Beyond Planet X - Are There Actually Two Undiscovered Giant Planets in the Outer Solar System?

Movie still from 'Another Earth'

Back in March some astronomers were touting a new discovery that hinted at the existence of a 'Planet X' lurking in the outer Solar System, far beyond our ability for direct observation. Now, in a paper on arXiv.org, Carlos and Raul de la Fuente Marcos at the Complutense University of Madrid in Spain have asked whether strange patterns in the orbital alignments of the dwarf planets beyond Pluto suggest the existence of not one, but two giant planets:

Small groups of the objects have very similar orbital paths. Because they are not massive enough to be tugging on each other, the researchers think the objects are being "shepherded" by a larger object in a pattern known as orbital resonance.

For instance, we know that Neptune and Pluto are in orbital resonance – for every two orbits Pluto makes around the sun, Neptune makes three. Similarly, one group of small objects seems to be in lockstep with a much more distant, unseen planet. That world would have a mass between that of Mars and Saturn and would sit about 200 times Earth's distance from the sun.

Some of the smaller objects have very elongated orbits that would take them out to this distance. It is unusual for a large planet to orbit so close to other bodies unless it is dynamically tied to something else, so the researchers suggest that the large planet is itself in resonance with a more massive world at about 250 times the Earth-sun distance – just like the one predicted in the previous work.

Read more: Two giant planets may cruise unseen beyond Pluto

Paper: "Extreme trans-Neptunian objects and the Kozai mechanism: signaling the presence of trans-Plutonian planets?"

The Secret Society that Brought Magic to the Modern Age

Ciara wearing Hermetic Order of the Golden Dawn clothing
When Grammy Award-winning vocalist Ciara appeared in a 2013 video wearing a jacket emblazoned with "Hermetic Order of the Golden Dawn," the legions of Illuminati-obsessed fundamentalist bloggers salivated with yet more proof of the ongoing Hollywood occult conspiracy to lead us all into worship of the Dark Lord.

Readers of this site would know better than most, however, that those foaming-at-the-mouth critics of the Hollywood/MKULTRA/mind control plot to enslave young minds through popular music have a very limited understanding of the rich and complex history of Western occultism.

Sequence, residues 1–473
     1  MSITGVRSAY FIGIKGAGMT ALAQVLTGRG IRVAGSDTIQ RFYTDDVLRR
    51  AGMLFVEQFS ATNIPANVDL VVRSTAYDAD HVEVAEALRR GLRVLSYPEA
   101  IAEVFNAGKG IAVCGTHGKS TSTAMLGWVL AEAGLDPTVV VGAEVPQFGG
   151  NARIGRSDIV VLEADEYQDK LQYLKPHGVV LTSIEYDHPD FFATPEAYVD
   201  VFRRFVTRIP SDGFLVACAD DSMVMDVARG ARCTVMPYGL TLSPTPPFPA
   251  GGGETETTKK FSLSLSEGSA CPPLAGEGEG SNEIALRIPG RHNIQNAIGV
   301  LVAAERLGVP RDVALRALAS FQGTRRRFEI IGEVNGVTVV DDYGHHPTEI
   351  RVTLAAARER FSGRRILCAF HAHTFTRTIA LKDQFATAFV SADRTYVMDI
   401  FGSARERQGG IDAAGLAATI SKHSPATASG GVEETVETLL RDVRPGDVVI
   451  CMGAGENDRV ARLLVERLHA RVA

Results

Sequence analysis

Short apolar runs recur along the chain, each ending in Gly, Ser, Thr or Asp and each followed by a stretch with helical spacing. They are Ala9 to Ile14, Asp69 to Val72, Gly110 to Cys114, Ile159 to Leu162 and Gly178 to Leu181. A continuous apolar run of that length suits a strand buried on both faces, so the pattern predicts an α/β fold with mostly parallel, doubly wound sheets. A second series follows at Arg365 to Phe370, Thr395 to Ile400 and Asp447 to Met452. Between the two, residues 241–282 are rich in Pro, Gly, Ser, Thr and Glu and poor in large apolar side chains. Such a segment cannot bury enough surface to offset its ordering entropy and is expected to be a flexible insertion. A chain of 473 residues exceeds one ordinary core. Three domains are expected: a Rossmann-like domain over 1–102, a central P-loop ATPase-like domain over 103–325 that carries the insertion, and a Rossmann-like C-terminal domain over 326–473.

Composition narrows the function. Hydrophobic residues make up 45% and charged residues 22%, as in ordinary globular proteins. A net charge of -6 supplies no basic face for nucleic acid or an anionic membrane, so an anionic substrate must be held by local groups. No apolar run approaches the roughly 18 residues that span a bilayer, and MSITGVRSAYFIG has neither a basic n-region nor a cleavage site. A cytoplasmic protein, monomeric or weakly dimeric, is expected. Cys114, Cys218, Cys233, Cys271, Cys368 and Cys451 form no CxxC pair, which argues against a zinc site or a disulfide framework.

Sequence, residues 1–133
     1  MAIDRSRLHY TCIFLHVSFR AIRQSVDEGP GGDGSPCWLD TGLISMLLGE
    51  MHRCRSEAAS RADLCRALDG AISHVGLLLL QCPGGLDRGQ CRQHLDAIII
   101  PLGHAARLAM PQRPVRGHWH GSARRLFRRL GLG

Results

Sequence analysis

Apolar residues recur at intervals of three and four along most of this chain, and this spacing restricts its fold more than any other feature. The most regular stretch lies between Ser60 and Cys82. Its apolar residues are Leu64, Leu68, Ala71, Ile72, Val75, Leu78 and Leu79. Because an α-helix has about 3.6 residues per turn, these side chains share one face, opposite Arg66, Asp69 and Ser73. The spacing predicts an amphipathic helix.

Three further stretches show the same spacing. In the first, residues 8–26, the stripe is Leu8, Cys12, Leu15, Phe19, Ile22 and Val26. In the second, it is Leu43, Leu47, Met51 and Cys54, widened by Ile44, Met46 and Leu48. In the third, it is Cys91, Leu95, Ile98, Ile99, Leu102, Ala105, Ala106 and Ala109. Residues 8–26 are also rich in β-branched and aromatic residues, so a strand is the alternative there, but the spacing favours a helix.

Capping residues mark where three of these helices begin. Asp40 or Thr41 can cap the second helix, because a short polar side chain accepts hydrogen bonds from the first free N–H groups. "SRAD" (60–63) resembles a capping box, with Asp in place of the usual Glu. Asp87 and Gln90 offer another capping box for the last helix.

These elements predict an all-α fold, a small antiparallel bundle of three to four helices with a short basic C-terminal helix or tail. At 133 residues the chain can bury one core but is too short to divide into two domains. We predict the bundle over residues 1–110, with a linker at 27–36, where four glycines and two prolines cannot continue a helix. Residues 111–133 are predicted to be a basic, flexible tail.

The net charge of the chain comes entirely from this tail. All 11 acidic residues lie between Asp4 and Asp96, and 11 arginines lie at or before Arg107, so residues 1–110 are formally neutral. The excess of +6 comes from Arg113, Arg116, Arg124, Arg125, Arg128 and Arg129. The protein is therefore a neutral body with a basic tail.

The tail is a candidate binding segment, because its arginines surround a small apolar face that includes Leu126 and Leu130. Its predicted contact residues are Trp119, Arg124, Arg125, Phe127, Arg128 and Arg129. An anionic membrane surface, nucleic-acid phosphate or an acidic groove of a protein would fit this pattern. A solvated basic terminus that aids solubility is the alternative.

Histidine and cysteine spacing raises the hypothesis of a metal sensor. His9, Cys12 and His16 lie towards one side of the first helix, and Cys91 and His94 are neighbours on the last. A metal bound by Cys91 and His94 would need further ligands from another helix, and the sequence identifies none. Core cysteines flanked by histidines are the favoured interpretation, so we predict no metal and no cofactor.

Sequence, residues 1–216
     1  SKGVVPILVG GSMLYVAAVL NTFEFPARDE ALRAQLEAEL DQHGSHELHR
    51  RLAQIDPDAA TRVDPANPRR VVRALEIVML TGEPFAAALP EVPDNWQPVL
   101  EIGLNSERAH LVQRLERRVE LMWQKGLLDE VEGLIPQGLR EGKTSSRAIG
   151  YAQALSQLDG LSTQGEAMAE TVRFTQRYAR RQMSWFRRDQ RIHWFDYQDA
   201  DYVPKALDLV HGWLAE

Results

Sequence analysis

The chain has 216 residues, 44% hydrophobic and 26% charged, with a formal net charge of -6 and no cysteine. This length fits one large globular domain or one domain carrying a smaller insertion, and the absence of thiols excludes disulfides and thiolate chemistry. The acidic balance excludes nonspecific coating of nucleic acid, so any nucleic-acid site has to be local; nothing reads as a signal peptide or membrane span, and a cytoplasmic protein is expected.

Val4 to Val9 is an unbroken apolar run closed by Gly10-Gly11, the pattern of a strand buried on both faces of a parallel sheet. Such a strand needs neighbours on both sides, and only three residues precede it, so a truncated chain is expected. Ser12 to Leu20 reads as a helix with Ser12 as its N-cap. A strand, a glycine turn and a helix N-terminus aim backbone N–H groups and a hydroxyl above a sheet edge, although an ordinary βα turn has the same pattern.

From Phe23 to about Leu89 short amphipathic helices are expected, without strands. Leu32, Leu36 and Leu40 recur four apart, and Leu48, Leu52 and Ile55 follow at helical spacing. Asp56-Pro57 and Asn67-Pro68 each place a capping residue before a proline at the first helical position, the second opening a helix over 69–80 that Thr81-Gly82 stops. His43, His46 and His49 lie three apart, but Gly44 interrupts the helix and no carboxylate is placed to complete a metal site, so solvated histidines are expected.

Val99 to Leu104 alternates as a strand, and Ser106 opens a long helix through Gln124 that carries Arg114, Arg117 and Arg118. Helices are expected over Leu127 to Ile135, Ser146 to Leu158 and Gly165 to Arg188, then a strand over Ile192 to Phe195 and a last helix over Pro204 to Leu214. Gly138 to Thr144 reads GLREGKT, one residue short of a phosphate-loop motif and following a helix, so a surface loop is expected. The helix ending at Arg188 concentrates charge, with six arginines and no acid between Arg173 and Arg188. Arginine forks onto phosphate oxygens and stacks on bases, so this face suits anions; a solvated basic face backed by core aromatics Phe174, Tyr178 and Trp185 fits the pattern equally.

The Hermetic Order of the Golden Dawn, which originated in late 19th century London among a small group of Masonic Rosicrucians, remains the most influential and well-known occult society in Western history. Its story has been told in a number of popular books, and its prominent members—Samuel Liddell MacGregor Mathers, William Butler Yeats, A. E. Waite, Dion Fortune, and Israel Regardie—are icons of esoteric lore. Yet countless Neopagans and New Agers, along with those who dabble in esoteric practices like Kabbalah, Tarot, astral travel, and visualization, have no idea that their spiritual beliefs and practices are pulled directly from the pioneering work of this magical secret society.

Pick up any book on practical magic and you’re likely to find rituals, often without attribution, plagiarized from the Golden Dawn. One ritual in particular, the Lesser Banishing Ritual of the Pentagram, is found in nearly every modern occult tradition, from ceremonial magic to Wicca and the latest flavor of Neopaganism. It is the Swiss Army Knife of occultism, intended to clear ceremonial space of malign or obtrusive energies and entities, but its origination in the Golden Dawn frequently goes unmentioned. Before Golden Dawn members started tracing glowing pentagrams in the air while intoning Hebrew names of God, the idea of summoning and banishing demons and spirits was wrapped in the archaic, complex (and often perplexing) rituals gleaned from old medieval grimoires and the obscure books of 19th century occultist Eliphas Levi.